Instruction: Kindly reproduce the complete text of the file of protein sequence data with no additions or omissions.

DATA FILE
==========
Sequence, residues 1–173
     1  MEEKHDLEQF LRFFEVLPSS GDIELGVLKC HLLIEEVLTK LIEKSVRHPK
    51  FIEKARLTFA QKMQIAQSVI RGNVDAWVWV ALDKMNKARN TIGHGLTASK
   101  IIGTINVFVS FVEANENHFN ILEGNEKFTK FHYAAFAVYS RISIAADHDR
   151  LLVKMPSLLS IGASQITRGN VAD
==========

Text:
Sequence, residues 1–173
     1  MEEKHDLEQF LRFFEVLPSS GDIELGVLKC HLLIEEVLTK LIEKSVRHPK
    51  FIEKARLTFA QKMQIAQSVI RGNVDAWVWV ALDKMNKARN TIGHGLTASK
   101  IIGTINVFVS FVEANENHFN ILEGNEKFTK FHYAAFAVYS RISIAADHDR
   151  LLVKMPSLLS IGASQITRGN VAD